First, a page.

Use cohort analysis to drive smarter startup growth

Cohort analysis is a way of evaluating your business that involves grouping customers into "cohorts" and observing how they behave over time.

Use cohort analysis to drive smarter startup growth

Cohort analysis is a way of evaluating your business that involves grouping customers into “cohorts” and observing how they behave over time. A commonly used approach is monthly cohort analysis, where customers are grouped by the month they signed up, allowing you to observe how someone who joined in November compares to someone who signed up the month before.

Cohort analysis gives you a multivariable, forward-looking view of your business compared to more simple and static values like averages or totals.

Cohort analysis is flexible and can be used to analyze a variety of performance metrics including revenue, acquisition costs and churn.

Let’s imagine you’re the CMO of the “Bluetooth Coffee Company.” You sell a tech-enabled “coffee composer” that brews coffee, tracks consumption and orders replacement coffee when users are running low. The longer your customers are subscribers, the more money you make. You recently ran a Black Friday feature on a popular deals site and you’re interested to know if you should run it again.

The chart below is a simple analysis you might do to gauge your marketing performance. It shows the total customers added each month, and a clear spike in November following the Black Friday promotion. At first glance, things look good — you brought in more than double the monthly customers in November compared to October.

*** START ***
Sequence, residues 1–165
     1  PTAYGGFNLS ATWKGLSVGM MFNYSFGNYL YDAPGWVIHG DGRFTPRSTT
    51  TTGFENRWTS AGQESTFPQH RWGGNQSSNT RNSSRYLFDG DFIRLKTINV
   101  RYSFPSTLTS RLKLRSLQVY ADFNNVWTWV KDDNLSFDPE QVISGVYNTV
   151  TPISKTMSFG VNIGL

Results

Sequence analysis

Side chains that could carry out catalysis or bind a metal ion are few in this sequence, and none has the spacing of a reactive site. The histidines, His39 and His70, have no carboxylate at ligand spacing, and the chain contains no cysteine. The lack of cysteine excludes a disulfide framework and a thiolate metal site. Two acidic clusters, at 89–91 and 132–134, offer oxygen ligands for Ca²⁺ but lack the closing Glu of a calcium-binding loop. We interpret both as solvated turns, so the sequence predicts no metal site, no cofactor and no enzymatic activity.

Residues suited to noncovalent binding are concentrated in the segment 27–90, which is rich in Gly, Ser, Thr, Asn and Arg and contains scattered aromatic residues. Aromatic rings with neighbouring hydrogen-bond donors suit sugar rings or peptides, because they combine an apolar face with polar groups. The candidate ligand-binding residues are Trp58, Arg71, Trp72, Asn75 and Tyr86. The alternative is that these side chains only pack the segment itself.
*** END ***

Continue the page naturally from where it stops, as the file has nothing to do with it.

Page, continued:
Marketing campaign results in significant uptick to users added

Image Credits: Sagard & Portage Ventures

But before you rebook the promotion, you should ask if these new Black Friday consumers are as valuable as they seem. Comparing monthly customer percentage is a good way to find out.

Below is a monthly cohort analysis of new customers between September 2020 and February 2021. Like our previous chart, we’ve listed the monthly cohort size, but we’ve also included the customer engagement rate (calculated by dividing daily active users by monthly active users or DAU/MAU for each month (M1 is month 1, M2 is month 2, and so on).

This analysis lets us see how the customer engagement of each monthly cohort compares to the next.

Customer engagement by cohort

Image Credits: Sagard & Portage Ventures

From the figures above, we see that most cohorts have a customer engagement rate in their first month (M1, 42%-46%), meaning 42%-46% of new customers use the coffee composer everyday. The November cohort however has materially lower engagement (M1, 30%), and remains lower in subsequent months (M2, 26%) and (M3, 27%). Interestingly, the customer engagement rate only drops with the November cohort, returning to normal with the December cohort (M1, 45%).